USCCB News Release
December 23, 2008
FOR IMMEDIATE RELEASE
Migration Committee Chairman Lauds Enactment of Anti-Trafficking Legislation
WASHINGTON—Bishop John C. Wester of Salt Lake City, chairman of the Unite States Conference of Catholic Bishops' Committee on Migration, today hailed the enactment of H.R. 7311, the William Wilberforce Trafficking Victims Protection Reauthorization Act of 2008 (TVPRA). Passed by Congress on December 10, the legislation was signed by President Bush on Tuesday, December 23, at the White House.
"Trafficking in human persons is a horrific crime and should be combated with all the legal means and resources available," Bishop Wester said." The enactment of this legislation is another important step toward eradicating this scourge, both in the United States and globally."
In his remarks, Bishop Wester thanked President Bush and Congress for their leadership on this important human rights issue, but also urged President-elect Obama and the new Congress to ensure that anti-trafficking efforts remain a high priority.
"President Bush has done much to elevate public awareness about human trafficking and should be thanked for his leadership," Bishop Wester said. "It will be important, however, that the new Administration and new Congress remain vigilant and continue to work to end to this abominable practice."
Julianne Duncan, associate director of Children's Services for Migration and Refugee Services (MRS) of the USCCB, emphasized the need for governmental agencies at the national and local levels to cooperate in implementing the new law.
"It is vital that the federal and local governments better coordinate their efforts, so that more human trafficking victims, including children, are identified, rescued, and provided appropriate services," Duncan said.
Specifically, the new law will extend services and benefits to a greater number of trafficking victims who urgently need them. Victims who have a pending application for a visa, for example, will now be eligible for benefits immediately. Additionally, children believed to have experienced a form of trafficking will receive 120 days of interim assistance as they wait to be determined eligible for assistance as victims by the federal government.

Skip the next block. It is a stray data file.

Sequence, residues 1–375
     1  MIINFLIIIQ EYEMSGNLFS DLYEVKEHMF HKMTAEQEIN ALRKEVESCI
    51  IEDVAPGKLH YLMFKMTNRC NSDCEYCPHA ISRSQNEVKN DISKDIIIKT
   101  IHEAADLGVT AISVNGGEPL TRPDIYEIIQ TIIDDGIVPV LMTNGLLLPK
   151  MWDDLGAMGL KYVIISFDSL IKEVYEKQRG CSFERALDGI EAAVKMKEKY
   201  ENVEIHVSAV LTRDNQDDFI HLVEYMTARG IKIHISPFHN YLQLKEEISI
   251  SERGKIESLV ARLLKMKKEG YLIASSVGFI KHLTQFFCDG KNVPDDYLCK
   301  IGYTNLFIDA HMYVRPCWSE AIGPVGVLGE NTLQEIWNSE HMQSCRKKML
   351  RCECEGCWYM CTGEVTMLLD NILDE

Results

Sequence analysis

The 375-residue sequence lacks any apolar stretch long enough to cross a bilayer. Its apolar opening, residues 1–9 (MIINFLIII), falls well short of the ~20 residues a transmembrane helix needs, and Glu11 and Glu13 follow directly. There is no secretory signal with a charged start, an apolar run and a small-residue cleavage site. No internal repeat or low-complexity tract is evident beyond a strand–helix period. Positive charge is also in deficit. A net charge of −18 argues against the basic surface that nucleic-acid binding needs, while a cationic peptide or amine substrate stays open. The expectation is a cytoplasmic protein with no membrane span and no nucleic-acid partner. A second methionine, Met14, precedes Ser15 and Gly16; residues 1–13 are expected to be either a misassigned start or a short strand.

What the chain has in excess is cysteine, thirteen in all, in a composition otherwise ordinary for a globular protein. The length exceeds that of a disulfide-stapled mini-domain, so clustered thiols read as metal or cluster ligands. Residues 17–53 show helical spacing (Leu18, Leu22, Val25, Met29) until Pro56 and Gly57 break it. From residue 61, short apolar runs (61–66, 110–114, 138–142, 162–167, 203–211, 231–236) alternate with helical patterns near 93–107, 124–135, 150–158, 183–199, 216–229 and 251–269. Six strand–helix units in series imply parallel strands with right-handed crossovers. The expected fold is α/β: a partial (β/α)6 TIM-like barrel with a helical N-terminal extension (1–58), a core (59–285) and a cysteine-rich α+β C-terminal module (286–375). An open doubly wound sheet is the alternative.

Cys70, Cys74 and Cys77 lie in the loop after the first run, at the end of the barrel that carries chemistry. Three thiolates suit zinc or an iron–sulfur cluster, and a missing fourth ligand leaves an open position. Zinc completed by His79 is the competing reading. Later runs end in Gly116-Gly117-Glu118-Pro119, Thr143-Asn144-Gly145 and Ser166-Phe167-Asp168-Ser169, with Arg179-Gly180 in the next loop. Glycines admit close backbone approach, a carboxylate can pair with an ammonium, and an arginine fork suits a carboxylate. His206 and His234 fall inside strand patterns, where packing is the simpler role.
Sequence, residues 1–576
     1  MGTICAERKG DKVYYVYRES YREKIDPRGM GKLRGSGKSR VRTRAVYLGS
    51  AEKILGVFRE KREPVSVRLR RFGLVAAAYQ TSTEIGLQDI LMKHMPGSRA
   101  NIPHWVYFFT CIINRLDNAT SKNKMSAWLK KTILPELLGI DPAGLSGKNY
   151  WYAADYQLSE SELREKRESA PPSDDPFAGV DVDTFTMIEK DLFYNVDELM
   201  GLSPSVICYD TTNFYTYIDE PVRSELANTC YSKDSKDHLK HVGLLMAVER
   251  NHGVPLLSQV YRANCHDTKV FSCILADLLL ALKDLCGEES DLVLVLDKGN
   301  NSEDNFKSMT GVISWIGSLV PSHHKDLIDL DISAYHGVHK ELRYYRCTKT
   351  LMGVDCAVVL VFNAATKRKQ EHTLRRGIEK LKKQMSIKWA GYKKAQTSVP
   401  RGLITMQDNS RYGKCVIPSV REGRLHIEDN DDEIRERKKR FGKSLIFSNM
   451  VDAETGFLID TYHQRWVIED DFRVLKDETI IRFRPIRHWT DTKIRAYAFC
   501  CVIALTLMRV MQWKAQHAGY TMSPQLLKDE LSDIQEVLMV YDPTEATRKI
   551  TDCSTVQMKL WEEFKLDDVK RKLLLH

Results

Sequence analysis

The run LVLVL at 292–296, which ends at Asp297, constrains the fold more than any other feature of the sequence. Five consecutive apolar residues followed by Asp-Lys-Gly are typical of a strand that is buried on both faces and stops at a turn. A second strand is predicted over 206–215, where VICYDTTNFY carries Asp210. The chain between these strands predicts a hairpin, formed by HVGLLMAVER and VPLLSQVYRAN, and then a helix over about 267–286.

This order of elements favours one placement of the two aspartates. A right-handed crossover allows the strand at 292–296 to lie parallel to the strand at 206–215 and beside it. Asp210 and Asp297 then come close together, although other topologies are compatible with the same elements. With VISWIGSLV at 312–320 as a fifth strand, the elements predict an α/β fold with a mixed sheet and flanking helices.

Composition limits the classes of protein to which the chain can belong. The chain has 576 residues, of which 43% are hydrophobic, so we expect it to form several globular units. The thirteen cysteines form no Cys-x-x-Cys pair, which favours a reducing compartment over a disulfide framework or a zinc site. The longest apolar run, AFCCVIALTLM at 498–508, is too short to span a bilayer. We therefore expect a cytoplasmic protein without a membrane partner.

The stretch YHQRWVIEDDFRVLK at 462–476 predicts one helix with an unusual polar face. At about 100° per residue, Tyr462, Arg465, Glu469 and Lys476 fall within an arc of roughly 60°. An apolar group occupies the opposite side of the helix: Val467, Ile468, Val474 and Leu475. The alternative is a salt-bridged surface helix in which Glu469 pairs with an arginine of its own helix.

Duncan also praised provisions in the legislation which will assist vulnerable children at risk of being trafficked. Provisions include reform of the process for children applying for Special Immigrant Juvenile Status (SIJS), making more children eligible for permanent legal status and refugee program benefits; a mandate that these children are placed in least restrictive settings based on a "best interest of the child" standard; and requirements that home studies be conducted before children are released. Another important provision creates protections for children who are determined ineligible for legal status in the United States and are repatriated to their home country.
"Children, especially those without parents or guardians, are particularly susceptible to human traffickers and are unable to escape trafficking situations. The provisions targeted toward children will help ensure they are better protected and that they receive services in a timely manner," Duncan said.MRS/USCCB provides social services to victims of human trafficking and was part of a group of organizations that actively advocated for inclusion of the children's provisions in the legislation. MRS/USCCB also convenes the Catholic Coalition Against Human Trafficking, a coalition that supported the legislation and includes over 20 Catholic-related agencies and religious orders.